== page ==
Portland pier owner proposes 150-ft. expansion

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PORTLAND — The owner of the Portland Regency Hotel has submitted plans to expand a waterfront pier at 68 Commercial St.

A company called Great Maine Wharf, which is owned by Eric Cianchette, is looking to extend the existing 500-foot, concrete pier behind the Dry Dock restaurant by 150 feet.

There are now two, two-story metal buildings on the 75-foot wide pier, which is between the Maine State Pier and Custom House Wharf. Tenants include Three Brothers Lobster, Morrison’s Maine Course and the Chase Leavitt Chart Room.

According to Great Maine’s plans, there are no buildings associated with the expansion, which, if approved, would likely begin over the winter. The project is estimated to cost $700,000.

Since there are no new structures associated with the expansion, City Planner Eric Giles said, the proposal will only require administrative review by city staff.

Giles said the city is still collecting comments from its departments heads and must await a recommendation from the Harbor Commission, which was expected to review the proposal in a workshop on Tuesday and schedule a public hearing in September. 

The pier extension will be in the general area used by Casco Bay Lines to turn around its ferries.

Casco Bay Lines Operations Manager Nick Mavadones said he met with the company last year to discuss the expansion, originally proposed to be 400 feet, which would have made it nearly as long as the Maine State Pier.

Mavodones, who is also Portland’s mayor, said he and the Casco Bay Lines ferry captains expressed concern about the 400-foot expansion.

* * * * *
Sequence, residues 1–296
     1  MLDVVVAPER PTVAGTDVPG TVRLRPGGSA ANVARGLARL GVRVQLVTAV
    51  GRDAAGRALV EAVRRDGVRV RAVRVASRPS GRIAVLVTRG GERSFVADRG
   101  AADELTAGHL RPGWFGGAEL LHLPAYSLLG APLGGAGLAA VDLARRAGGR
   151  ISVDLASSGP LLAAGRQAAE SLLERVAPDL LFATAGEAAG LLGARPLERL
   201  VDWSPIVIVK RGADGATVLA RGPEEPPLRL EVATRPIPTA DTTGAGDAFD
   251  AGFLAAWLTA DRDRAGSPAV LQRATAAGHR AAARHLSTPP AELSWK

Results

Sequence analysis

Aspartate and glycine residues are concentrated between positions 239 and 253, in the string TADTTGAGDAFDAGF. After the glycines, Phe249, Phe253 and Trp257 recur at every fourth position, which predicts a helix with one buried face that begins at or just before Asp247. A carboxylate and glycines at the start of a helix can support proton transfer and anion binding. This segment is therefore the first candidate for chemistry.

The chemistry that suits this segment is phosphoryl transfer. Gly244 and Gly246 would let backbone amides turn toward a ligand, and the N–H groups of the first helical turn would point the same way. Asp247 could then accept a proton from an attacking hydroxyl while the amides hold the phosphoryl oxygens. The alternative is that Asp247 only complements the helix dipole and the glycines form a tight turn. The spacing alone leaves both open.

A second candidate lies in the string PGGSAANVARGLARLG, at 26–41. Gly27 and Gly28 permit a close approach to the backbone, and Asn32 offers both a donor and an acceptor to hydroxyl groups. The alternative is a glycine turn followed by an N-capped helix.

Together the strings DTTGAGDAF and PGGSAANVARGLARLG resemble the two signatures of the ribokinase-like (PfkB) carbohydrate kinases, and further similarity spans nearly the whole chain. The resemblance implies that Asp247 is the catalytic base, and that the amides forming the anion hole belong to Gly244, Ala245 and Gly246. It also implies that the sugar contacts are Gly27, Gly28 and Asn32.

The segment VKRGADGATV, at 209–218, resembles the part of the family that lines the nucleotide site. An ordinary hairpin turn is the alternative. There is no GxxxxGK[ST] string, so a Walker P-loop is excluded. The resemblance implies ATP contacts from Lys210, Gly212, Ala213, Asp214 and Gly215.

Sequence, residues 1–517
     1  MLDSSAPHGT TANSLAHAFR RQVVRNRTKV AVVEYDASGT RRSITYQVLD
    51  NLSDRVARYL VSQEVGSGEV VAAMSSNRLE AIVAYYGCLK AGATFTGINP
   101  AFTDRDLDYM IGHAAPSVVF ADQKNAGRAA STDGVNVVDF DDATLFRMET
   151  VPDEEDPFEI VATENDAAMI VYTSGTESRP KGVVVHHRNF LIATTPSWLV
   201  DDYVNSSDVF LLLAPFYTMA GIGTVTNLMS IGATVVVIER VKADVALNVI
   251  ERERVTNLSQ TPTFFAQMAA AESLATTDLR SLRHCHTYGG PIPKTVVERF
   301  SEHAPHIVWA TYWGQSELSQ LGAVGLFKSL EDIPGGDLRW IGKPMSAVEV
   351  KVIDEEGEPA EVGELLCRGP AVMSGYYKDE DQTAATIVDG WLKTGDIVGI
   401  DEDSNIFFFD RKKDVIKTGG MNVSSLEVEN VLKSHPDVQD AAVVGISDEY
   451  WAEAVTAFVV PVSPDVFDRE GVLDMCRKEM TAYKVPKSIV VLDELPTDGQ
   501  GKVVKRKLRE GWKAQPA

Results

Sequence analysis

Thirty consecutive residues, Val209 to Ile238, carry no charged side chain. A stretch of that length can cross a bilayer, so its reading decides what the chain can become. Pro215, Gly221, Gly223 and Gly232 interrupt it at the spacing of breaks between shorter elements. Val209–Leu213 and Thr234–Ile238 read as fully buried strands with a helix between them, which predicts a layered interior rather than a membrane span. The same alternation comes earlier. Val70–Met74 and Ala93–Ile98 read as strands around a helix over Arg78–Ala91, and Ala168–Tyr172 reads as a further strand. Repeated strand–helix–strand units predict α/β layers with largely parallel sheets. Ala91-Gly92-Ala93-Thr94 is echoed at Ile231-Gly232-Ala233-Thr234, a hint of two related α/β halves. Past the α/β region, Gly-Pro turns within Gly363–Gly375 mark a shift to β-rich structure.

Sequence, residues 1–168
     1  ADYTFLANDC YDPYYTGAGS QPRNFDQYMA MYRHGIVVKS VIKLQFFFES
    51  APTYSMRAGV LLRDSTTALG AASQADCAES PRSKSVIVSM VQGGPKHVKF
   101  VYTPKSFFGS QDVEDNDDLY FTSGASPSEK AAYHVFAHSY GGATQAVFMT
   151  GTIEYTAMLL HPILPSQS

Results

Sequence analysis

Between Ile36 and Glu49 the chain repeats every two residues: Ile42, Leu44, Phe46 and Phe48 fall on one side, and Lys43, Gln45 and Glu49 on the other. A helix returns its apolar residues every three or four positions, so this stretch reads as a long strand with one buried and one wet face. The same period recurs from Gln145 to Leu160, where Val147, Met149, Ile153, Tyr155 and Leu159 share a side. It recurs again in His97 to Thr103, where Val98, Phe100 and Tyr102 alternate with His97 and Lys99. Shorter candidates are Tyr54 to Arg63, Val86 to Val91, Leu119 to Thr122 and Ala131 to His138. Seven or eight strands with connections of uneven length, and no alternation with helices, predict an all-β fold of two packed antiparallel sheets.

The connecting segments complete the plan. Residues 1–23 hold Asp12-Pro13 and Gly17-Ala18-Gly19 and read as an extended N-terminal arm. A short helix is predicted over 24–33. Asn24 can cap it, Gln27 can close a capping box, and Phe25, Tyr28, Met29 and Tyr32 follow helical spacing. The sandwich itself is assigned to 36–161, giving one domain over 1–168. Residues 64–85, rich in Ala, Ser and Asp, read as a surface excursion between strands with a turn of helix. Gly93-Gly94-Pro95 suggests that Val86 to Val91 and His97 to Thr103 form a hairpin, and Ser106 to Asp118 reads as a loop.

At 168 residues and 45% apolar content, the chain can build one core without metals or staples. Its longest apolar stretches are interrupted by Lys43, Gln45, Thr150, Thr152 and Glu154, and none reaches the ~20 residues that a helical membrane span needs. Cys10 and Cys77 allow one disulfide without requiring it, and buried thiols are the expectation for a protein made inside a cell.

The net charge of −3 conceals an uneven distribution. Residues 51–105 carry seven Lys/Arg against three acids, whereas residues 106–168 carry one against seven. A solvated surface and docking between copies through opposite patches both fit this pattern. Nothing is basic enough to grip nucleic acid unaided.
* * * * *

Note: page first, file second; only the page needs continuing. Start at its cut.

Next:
“We need enough swing room to turn the car ferry,” Mavodones said, noting the 150-foot extension would allow for that. “They scaled it back.”

When reached on Monday, Cianchette’s son, Michael, said he could not discuss the project until talking to the “principals” involved, but indicated that commercial demand on the pier has been sluggish.

“There are a lot of vacancies now, because of the way the economy is,” Cianchette said.

Last year, Eric Cianchette put plans on hold to build a 100-room hotel on the same the pier until the city finalized changes to the Waterfront Central Zone – a process that is continuing.

“There are no current plans to continue with that project and this extension proposal is being pursued on its own merits,” Michael Cianchette said.

In an Aug. 5 letter to city planners, project engineer Owens McCullough, of Sebago Technics, said the expansion and rehabilitation would provide a safer, more accessible pier for emergency vehicles and other users; improved operating space for loading and off leading commercial boats, and maintaining the viability of the working waterfront.

It is unclear exactly which type of commercial boats would use the pier, but renderings on file at City Hall show tug boats alongside the proposed extension.

While the expansion was originally for a tug boat company, Michael Cianchette said that some shrimp boat owners have expressed interest in using the extended pier, but have been unable to sign leases, due to the uncertainty of federal regulations limiting their catch.

The tug boat company, meanwhile, has since taken space at the Maine State Pier, he said.

“The proposed pier extension and rehabilitation will offer the opportunity to increase future revenue that can be invested in maintaining the Maine Wharf for years to come,” McCullough wrote.

Randy Billings can be reached at 781-3661 ext. 100 or rbillings@theforecaster.net

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Lobster boats docked on the western wide of Maine Wharf, 68 Commercial St., Portland, which is being considered for a 150-foot extension for commercial boats.

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